## Deterministic and probabilistic analysis methods

The essence of deterministic safety analysis (DSA) is the solution of differential equations simulating the processes of radionuclide transfer and ionizing radiation from the source to the environment. Solving the equations gives the concentration or the volume activity of certain radionuclides at a given distance from the source at a given time. Comparing these results with regulatory requirements enables conclusions to be drawn about the safety of the environment. At the next stage of the analysis, calculated concentrations are transferred to the projected radiation doses to control groups of the population, using different scenarios and pathways of radionuclides in the body. Comparing the predicted and normative values enables conclusions to be drawn about the safety of the population. The equations used contain deterministic functions and coefficients, so giving the name to the method.

Solving the equations requires many simplifying basic assumptions including: use of a point source, the uniformity of the environment, fixing in space and time the parameters and coefficients of the equation and baseline data. In the case of an extended source, such as a near-surface disposal facility, account must be taken of its heterogeneity. To solve the equations, depending on the model, 10-16 parameters must be set that describe the source properties, the engineered barriers and the surrounding geological environment. These settings are heterogeneous in the physical sense, and so difficult to define and with a large scatter in numerical values. Equations are solved by the usual finite difference method using readymade software products such as MathCard Enterprise Editoria V11.A, AMBER from Quantisci (UK), ModFlow (USA), or MT3D (USA).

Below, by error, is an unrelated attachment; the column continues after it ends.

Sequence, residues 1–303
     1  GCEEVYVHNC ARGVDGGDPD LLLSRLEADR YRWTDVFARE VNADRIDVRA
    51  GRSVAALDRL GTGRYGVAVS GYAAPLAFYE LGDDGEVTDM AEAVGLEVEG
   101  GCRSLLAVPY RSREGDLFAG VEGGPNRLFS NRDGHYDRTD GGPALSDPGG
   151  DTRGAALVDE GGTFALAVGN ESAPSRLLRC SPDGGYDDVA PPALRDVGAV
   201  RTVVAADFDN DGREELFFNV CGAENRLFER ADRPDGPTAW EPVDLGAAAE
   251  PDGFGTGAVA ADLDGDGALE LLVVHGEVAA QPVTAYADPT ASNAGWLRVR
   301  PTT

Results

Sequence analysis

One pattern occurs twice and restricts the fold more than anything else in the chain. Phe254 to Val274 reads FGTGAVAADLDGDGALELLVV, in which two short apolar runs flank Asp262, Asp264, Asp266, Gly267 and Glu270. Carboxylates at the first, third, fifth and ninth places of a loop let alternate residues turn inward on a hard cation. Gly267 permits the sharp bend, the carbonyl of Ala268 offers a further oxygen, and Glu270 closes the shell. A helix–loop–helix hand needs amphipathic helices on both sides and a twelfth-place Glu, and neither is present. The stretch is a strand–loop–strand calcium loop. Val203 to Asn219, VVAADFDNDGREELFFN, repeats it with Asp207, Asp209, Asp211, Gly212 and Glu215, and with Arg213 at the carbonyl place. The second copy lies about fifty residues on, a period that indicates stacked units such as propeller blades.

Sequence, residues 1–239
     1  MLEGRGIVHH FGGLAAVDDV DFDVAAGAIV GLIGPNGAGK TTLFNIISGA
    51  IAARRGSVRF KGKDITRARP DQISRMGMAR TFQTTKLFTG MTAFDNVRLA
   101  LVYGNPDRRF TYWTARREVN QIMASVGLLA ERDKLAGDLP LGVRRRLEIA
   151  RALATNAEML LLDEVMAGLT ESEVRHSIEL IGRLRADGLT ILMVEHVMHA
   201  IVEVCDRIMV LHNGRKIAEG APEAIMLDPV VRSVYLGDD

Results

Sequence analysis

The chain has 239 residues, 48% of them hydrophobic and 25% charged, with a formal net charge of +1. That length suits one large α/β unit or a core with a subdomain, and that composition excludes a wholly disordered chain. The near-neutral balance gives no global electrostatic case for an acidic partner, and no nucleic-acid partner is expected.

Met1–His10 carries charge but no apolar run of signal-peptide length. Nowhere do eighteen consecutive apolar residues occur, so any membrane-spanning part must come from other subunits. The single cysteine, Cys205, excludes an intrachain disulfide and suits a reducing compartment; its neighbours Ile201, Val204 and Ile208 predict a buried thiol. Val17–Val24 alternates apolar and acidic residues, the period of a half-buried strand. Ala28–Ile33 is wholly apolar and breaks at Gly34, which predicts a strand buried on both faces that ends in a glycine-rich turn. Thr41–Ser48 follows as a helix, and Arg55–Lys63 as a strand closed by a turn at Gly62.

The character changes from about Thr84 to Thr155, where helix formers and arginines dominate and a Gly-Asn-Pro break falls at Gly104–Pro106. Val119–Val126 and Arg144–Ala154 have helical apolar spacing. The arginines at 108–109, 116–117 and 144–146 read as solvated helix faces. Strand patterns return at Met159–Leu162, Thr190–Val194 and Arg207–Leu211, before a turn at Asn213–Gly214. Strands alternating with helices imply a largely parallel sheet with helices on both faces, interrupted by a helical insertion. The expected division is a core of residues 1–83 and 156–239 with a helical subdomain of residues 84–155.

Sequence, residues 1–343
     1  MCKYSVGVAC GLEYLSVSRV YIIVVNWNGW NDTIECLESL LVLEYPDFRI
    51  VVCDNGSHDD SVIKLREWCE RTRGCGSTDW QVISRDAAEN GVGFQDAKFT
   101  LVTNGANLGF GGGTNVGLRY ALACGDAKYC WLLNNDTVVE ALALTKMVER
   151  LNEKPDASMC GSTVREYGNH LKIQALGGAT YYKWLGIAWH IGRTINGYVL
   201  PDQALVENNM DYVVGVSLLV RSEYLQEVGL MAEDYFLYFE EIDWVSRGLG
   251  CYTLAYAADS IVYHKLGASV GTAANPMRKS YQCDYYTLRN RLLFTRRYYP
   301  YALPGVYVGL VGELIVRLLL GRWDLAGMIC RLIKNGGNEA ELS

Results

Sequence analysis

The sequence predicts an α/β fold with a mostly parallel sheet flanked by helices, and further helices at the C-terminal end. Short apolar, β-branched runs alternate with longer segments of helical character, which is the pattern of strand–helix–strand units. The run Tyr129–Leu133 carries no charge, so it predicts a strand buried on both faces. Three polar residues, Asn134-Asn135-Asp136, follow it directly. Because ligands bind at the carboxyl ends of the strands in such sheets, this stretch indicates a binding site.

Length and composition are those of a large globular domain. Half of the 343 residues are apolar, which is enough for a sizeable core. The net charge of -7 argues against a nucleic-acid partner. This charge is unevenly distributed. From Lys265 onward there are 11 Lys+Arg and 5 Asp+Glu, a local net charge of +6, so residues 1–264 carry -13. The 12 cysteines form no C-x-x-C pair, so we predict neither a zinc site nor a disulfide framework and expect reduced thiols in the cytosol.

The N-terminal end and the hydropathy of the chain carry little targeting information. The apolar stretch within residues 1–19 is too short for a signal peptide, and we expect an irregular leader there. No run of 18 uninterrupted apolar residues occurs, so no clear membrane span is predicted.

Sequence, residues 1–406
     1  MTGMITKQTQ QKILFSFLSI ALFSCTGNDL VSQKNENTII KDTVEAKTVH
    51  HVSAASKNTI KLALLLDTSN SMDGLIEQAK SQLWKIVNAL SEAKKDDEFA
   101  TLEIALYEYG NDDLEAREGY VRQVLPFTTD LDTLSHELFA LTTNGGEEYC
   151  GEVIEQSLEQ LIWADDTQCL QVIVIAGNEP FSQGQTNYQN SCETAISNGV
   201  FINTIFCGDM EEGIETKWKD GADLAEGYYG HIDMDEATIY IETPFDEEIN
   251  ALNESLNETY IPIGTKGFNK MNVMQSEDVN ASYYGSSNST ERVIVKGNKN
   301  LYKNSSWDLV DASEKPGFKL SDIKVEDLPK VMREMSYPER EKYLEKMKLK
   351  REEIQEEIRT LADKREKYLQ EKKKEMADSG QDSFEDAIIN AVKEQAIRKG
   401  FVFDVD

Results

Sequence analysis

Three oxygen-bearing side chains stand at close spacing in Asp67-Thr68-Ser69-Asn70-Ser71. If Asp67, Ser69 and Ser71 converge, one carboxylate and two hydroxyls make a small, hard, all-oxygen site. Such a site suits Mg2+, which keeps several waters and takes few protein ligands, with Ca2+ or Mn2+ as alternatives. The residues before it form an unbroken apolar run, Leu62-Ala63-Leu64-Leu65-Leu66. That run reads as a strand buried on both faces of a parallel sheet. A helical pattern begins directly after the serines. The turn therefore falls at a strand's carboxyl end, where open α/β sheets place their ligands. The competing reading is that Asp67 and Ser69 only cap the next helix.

Many parameters in the equations vary greatly in both space and time. This is a consequence of the stochastic nature of the environment and the changing external conditions. Therefore, solutions to the equations must be a random variable. It is well known empirically that the concentration of radionuclides in different, even neighboring areas, is substantially different. Such a property of the distribution of radioactive contamination is particularly pronounced after an accident with a significant release of radioactive substances into the environment such as at Chernobyl or Fukushima. Once an accident occurs, the migration of radionuclides is governed by largely random processes, so it is natural to use the methods of probabilistic safety analysis (PSA). The purpose of PSA is to estimate the probabilities of certain accident scenarios over a given period of time and to identify the weakest elements of the complex in the disposal of RAW. The basis of the PSA methodology is a systematic analysis of the radiation-dangerous object, the selection of systems and components that make up the protective shield, and making event tree and failure trees with subsequent calculation of the probabilities of various scenarios of accident events. To perform the calculations it is necessary to access fundamental homogeneous data on the physical properties of elements of the physical barriers to ensure retention of radionuclides in the bulk of the medium. This data includes the following interdependent and replaceable parameters: the intensity of the element failures, mean time between failures, and failure probability. Such information can be obtained from technical regulations, manuals and handbooks, as well as the results of physical and field experiments, mathematical modeling or calculations by deterministic models.